ACERENZA

In the North of Basilicata, half way between Irsina and Avigliano, on top of a cliff at the foot of which runs the Bradano river and its tributary stream, Fiumarella, is where the ancient centre of Acheruntia is situated in a wonderful panoramic position.

History

There are archaeological testimonies dating back to Neolithic times which have been found in the Serra Altura, whilst on Mount La Guardia, remains of habitations date back to the Iron Age. Prehistoric finds show that the territory of Acerenza was inhabited from the beginning of time by our ancestors.

It is certain that Acerenza already existed during the VI century BC, and was probably founded long before the Osci civilisation by the name of Akere. It was then later known by the Greeks as Acherontis. A tomb and a statue depicting Hercules were found on the territory.

The Romans conquered it during 318 BC, led by the Consul Giunio Bubulco. Acerenza became a military fort the following century in support to the wars against King Pirro of Epiro.
Acheruntia was re-conquered by Rome, led by the Consul Levino during 210 BC. It then entered as a permanent part of the Republic of Rome, firstly becoming a colony then a town (I century BC).

During the V century it became an Episcopal Seat.
Following the fall of Rome, Acerenza was occupied by Totila, King of the Ostrogoths from 541 to 552, after a victorious battle against the Byzantine army, who then occupied all of Southern Italy.

Little remains from the Eastern Roman Empire, and already during the VII century, the village of Acerenza became part of the Longobard dominium. The latter had the Castle built and re-adjusted numerous times and made Acerenza the capital of a gastaldato (a royal demesne with civil, martial and judicial powers) under the Principality of Salerno.
During the VIII century, a cathedral was constructed under the wishes of Bishop Leone II.

The Byzantines re-conquered it during 978, but only kept it for a few decades. Midway through the XI century, Acerenza was already Norman property under Robert Guiscard, who entrusted the village to Count Umfredo, who was later succeeded by Asclettino.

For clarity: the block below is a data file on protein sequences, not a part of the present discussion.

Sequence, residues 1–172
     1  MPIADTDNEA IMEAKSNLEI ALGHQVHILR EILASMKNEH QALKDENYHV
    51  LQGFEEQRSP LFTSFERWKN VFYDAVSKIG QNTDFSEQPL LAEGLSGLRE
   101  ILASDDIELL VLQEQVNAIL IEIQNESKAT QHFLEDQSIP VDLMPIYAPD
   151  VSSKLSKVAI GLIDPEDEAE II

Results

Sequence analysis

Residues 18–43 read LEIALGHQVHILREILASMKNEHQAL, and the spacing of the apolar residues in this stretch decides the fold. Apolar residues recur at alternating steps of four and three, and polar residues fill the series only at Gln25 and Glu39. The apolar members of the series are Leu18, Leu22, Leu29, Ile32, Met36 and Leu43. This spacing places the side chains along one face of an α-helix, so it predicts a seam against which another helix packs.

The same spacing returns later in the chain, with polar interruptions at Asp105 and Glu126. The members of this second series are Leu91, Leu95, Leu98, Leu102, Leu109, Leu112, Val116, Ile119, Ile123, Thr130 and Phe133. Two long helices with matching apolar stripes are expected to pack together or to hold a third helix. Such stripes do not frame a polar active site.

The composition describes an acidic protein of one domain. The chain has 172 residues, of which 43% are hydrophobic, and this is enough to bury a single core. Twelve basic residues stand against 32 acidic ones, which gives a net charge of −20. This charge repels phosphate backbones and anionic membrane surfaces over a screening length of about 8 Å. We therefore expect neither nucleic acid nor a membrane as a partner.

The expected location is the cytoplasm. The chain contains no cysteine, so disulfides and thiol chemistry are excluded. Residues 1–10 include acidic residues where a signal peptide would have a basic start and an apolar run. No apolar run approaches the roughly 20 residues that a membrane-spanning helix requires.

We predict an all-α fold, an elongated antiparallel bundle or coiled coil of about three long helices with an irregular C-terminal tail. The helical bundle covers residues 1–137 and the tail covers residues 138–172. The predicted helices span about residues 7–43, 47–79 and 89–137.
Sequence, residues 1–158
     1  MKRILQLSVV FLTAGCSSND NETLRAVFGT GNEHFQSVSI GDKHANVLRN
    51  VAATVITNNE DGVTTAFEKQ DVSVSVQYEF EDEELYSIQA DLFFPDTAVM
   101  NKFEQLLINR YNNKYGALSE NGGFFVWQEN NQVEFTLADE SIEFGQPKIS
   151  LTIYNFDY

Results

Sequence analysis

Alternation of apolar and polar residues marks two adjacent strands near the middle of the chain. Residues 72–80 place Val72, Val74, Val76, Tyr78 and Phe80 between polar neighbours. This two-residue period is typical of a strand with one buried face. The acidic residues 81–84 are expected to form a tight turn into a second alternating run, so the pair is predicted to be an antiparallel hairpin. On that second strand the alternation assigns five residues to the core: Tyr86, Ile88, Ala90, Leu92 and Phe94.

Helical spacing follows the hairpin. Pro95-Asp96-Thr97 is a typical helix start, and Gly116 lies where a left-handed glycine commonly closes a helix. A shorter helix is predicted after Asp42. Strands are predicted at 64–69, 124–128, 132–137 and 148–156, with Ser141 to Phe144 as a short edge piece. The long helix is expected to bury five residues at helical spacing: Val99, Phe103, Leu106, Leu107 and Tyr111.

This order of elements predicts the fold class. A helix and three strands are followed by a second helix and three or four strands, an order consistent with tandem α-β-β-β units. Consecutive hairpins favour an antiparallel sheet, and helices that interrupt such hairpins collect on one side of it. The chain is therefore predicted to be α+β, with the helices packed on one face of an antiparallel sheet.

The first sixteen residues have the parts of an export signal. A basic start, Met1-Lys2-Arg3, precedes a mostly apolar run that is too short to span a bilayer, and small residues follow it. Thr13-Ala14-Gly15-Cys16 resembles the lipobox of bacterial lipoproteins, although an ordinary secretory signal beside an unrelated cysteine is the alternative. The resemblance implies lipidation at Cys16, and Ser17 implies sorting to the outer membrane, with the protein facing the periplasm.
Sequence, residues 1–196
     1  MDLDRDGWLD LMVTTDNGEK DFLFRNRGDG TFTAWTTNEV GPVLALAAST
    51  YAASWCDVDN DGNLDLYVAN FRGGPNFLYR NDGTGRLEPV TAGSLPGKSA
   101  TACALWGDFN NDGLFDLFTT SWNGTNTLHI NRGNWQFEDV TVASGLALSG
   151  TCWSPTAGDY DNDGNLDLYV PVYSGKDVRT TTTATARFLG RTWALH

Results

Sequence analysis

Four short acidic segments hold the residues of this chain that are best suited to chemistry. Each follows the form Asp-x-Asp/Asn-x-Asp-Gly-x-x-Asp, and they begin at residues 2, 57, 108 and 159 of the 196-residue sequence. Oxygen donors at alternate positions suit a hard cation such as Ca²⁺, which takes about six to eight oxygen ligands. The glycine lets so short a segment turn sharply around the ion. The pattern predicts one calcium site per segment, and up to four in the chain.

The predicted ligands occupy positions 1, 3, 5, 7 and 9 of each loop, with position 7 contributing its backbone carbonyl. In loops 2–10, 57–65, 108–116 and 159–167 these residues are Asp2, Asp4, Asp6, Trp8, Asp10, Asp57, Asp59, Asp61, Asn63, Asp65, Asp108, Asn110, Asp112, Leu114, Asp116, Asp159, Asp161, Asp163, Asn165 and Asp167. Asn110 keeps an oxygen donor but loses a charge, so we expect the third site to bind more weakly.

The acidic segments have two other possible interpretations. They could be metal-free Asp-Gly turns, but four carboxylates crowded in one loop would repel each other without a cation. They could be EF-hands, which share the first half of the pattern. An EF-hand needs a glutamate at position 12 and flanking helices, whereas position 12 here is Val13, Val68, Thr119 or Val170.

A new cathedral was built during the same century.

Acerenza merged into the Swabian Empire at the end of the XII century and was administered by Galvano Lancia, uncle to Prince Manfred.

Under the Angioinians (XII century), Acerenza acquired further importance for its strategic geographic position between Rome and the Orient. Village nobles were represented by the following families: Sanseverino, Durazzo, Ruffo, Barnota and Morra.

During 1456 it was gravely damaged by an earthquake, killing more than 1000 citizens.
During the ‘500s, under Spanish domination, important restoration work of the Cathedral and Bell Tower was carried out.

During successive centuries, Acerenza was administered by the Ferrillo, Orsini, Pinelli, Pignatelli-Belmonte and Lancillotti families, then finally acquired by the Panni Family for 21.500 ducats.
After the Republican and Renaissance experiences, Acerenza merged into the Reign of Italy during 1861.

A visit to the City

Acerenza is a Medieval village, which wholly preserves its evocative power. One enters through what remains of the San Canio Doorway, which opens up along the Medieval town-walls. Whilst walking up to the summit, one can admire richly decorated 18th century buildings (Saluzzi, Caramuta). On arrival at the top of the hill, a majestic vision of the most interesting cathedrals in all of Basilicata awaits the visitor: S. Canio or the Assunta (XI century).

Other interesting churches to visit are: San Laverio, the Annunziata and San Vincenzo, close to the completely restructured Castle.

Outside the historical centre, one can visit the Sant’Antonio Convent, seat of a museum which exhibits carved wooden works.

Places of Interest

The Romanesque Assunta and San Canio Cathedral (XI century); the Annunziata Church (‘200); the San Laviero or Purgatorio Church; the cylindrical Belmonte Castle Towers; - the Sant’Antonio Convent (1570), the Piani of Maddalena and the Casa Contadina (Country House).

ACERENZA
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Basilicata region of Italy

 

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